Presence is the natural state of Self. Presence is simple, open, spacious, and alive. And, yet many of us are baffled by it. “How do I get it? we ask.” How can it be natural when I’ve spent my whole life wrapped up in my emotions, stories, and thoughts that keep me busy all day and, sometimes, all night, too?”

I invite you to view Eckhart Tolle  giving us his simple, lively, funny, and deep teaching about Presence at the Wisdom 2.0 Conference held February 14 – 16, 2014 in San Francisco. Click here for Presence with Eckhart Tolle


The Body Knows

The body knows. Walking into a room of strangers, the body senses the situation directly. We don’t think, “I need to check this out.”  The body automatically scans the situation; and sensing the situation knows how it feels about it.

As it happens, we often don’t pay attention to the information our bodies relay to us. Perhaps this is so because the information comes in what we think is a messy way. The stomach feels queasy. There is a tightness in the throat. A pressure in the ears. Or perhaps we sigh, take a deep breath, or feel the heart beating faster or slower or feel our whole insides opening up!

The information comes about the situation and about what we feel about the situation. Walk into a room of strangers and what happens? The body scans the room noticing who is at the center and who is at the periphery. It notices who is at ease, who is tense, and who is shy; and who is smiling, laughing, or frowning. It senses who makes it feel uneasy, or worried, or scared. And, it senses who is welcoming. The body responds with a tightness in the chest, a queasiness in the stomach, or a jumping heart beat, or a turning in, a rolling, or a stammer and there is always something more, something that we can’t quite put into words but is there.

We may say, “I had a hunch about that situation,” or, “I had a feeling about that person.” Indeed, we did and our body let us know. We can’t say how we know. We just know.

When we are in touch with our bodies, we can respectfully connect with our bodily sensing and use the information it gives us to help us navigate situations, keep us safe and at ease, create new ideas, and even dive into new ventures. To gain benefit from the information, we notice what comes forth with interested curiosity. For example, suppose I walk into a room and notice everyone crowding around someone talking about her latest project. I can’t hear what she is saying but I notice that there is a little queasiness in my stomach and I notice that I don’t like that and that there is something about the person’s energy that doesn’t sit right but can’t be put into words. In this moment, something is coming with which I can have a relationship and which I can explore with interested curiosity. I can find out more about the person, the situation, and about myself by listening to what these somethings, this queasiness in my stomach AND this energy that doesn’t sit right, say or show me about the person, situation and myself.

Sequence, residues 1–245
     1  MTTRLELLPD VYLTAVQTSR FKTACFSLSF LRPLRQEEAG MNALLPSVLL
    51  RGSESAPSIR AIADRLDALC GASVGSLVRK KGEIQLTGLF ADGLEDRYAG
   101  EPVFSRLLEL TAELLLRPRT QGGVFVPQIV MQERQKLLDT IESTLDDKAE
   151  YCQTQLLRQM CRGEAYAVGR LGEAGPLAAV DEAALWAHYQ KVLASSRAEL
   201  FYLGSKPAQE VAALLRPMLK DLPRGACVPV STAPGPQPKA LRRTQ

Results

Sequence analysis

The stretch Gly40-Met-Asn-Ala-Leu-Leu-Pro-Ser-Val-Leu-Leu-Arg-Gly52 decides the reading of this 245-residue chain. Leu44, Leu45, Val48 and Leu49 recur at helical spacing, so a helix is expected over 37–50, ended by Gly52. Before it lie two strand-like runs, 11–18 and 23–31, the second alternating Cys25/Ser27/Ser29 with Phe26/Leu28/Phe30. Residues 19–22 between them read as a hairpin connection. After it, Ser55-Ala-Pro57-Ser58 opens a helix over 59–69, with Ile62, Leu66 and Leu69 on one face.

Getting in touch with the body in this way can be enlightening, empowering, and freeing. Try this. The next time you enter a place full of people (it can at work, at the supermarket, or on the bus), take in the space around you and then bring your awareness inside to that middle space in your body–the throat, the chest, the diaphragm, the stomach, the belly. Allowing your awareness to rest there gently invite what wants your awareness now to come. Just sense what’s there. And when something comes, say” Hello, I see you are there.” And notice how it feels when you say that.

This is a first step of getting to know these fluid, life forward processes that have so much to share with us and help us in so many ways.

Crowd San Francisco


Thoughts. Where do they come from? Where do they go? And what leads one to another? Why do they keep appearing and dissolving? Why do they never stop? What’s the mechanism producing this constant rising and falling away? It’s not as though we can point to any place in the brain and say, “This is where it all happens!”

Some thoughts rise up out of memories, some appear out of thin air, and others pop into our consciousness in an “aha moment.” When we are solving a problem, we use the power of our brains, in particular, the frontal cortex, to “think.” We analyze, relate, and create. But, what about other times when unorganized and disconnected thoughts tumble into our consciousness? Perhaps we’re just having a cup of coffee and looking at the leaves falling from the tree outside the window. Thoughts come any way. Perhaps at this moment they arise from memories of other trees or other cups of coffee or perhaps not. Thoughts about the dirty dishes left in the sink or a friend who hasn’t returned a text message we sent him may take us far away from the cup of coffee and leaves falling from the tree.